House Natural Resources Committee set to hold first meeting

Rep. Rob Bishop (R-Utah) is the new chairman of the House Natural Resources Committee in the 114th Congress. Photo from Facebook

The House Natural Resources Committee will hold its first meeting of the 114th Congress tomorrow.

The committee's new chairman is Rep. Rob Bishop (R-Utah), following the retirement of his predecessor, former Rep. Doc Hastings (R-Washington). In the 113th Congress, Bishop's bill to help the Ute Tribe protect culturally important sites became law last year.

Other than that measure, Bishop does not have much of a record on Indian issues but in 2004, he authored a bill to prevent the Skull Valley Band of Goshute Indians from using its land for a nuclear waste facility. The tribe opposed the bill and it did not become law.

Rep. Raul Grijalva (D-Arizona) is the ranking Democrat on the House Natural Resources Committee. Photo from Facebook

The new ranking Democrat on the committee is Rep. Raul Grijalva (D-Arizona). He's been a strong supporter of tribal issues since joining Congress in 2003.

The committee is maintaining a Subcommittee on Indian and Alaska Native Affairs but will be adding another area of jurisdiction -- Insular Affairs, meaning the territories of American Samoa, Guam and the U.S. Virgin Islands, as well as the Commonwealth of the Northern Mariana Islands and the Commonwealth of Puerto Rico. Previously, Insular Affairs fell under different subcommittee.

Rep. Don Young (R-Alaska) will serve as chairman of the House Subcommittee on Indian, Insular and Alaska Native Affairs in the 11th Congress. Photo from Rep. Don Young

The newly-renamed Subcommittee on Indian, Insular, and Alaska Native Affairs will be chaired by Rep. Don Young (R-Alaska). He typically supports tribes on most matters, particularly those that involve complaints against the Bureau of Indian Affairs, and is a strong defender of Alaska Native tribes and Alaska Native corporations.

The subcommittee's new ranking Democrat is Rep. Raul Ruiz (D-California). He's relatively new to Congress -- he won his first term in 2012 -- but he's been a consistent supporter of tribes.

Rep. Raul Ruiz (D-California) is the ranking Democrat on the House Subcommittee on Indian, Insular and Alaska Native Affairs. Photo from Facebook

“Our tribes are vital to the fabric of our community and nation, and I am proud to represent eleven tribal nations in California’s 36th district,” Ruiz said in a press release. “As the ranking member of the subcommittee on Indian, Insular, and Alaska Native Affairs, I will work with my Democratic and Republican colleagues to find real solutions to issues facing our tribes like improving healthcare, education, and economic growth, while vigilantly supporting the sovereignty of all the nations of Indian Country.”

The change in the subcommittee's jurisdiction appears to have dramatically shifted its focus, at least on the Democratic side. Of the five Democratic members, three represent the Insular territories.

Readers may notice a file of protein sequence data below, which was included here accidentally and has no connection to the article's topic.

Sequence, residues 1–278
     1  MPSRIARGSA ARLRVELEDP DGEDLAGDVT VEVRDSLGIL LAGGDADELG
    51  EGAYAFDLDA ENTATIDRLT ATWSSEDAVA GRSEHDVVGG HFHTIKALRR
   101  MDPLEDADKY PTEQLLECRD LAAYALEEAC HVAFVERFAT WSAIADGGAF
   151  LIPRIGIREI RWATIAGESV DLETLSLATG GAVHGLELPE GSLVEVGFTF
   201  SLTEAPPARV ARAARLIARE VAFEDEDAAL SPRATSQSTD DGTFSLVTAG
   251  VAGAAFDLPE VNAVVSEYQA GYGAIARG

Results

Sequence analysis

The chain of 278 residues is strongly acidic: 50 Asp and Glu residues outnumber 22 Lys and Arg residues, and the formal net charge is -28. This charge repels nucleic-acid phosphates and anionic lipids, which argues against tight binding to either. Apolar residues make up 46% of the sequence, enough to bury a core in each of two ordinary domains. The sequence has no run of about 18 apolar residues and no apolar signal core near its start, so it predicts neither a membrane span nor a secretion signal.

The Republican side looks different. Of the seven Republican members, only one comes from the Insular area.

But three Republican members are from California. On the Democratic side there are two, so the subcommittee now has an unprecedented California tilt.

As it stands now, there are no representatives from New Mexico, Oklahoma or other states with large tribal populations. Other than Bishop and Grijalva, both of whom will serve ex-officio on the subcommittee, Rep. Paul Gosar (R-Arizona) --- who got into trouble last year for referring to Native Americans as wards of the federal government -- is the only member from a Western state with a significant Native presence.

However, Democrats are still planning to add two members to the overall committee. So it's possible that the subcommittee's makeup will change in the coming days.

The full list of members of the Subcommittee on Indian, Insular, and Alaska Native Affairs follows:
Don Young, Alaska, Chairman
Dan Benishek, Michigan
Paul Gosar, Arizona
Doug LaMalfa, California
Jeff Denham, California
Paul Cook, California
Amata Coleman Radewagen, American Samoa, Vice Chair
Rob Bishop, Utah, ex-officio

Raul Ruiz, California, ranking member
Madeleine Bordallo, Guam
Gregorio Sablan, Commonwealth of the Northern Mariana Islands
Pedro Pierluis, Puerto Rico
Norma Torres, California
Raul Grijalva, Arizona, ex-officio

Tomorrow's meeting will be organizational in nature. It takes place at 9:45am in Room 1324 of the Longworth House Office Building.

“Promoting the responsible development of our domestic energy resources, active management of federal lands, greater collaboration with our state, tribal and local partners, and examining federal regulatory overreach into these areas will be at forefront of the Natural Resources Committee agenda in the 114th Congress,” Bishop said in a press release earlier this month.

Committee Notice:
Full Committee Organizational Meeting (January 28, 2015)

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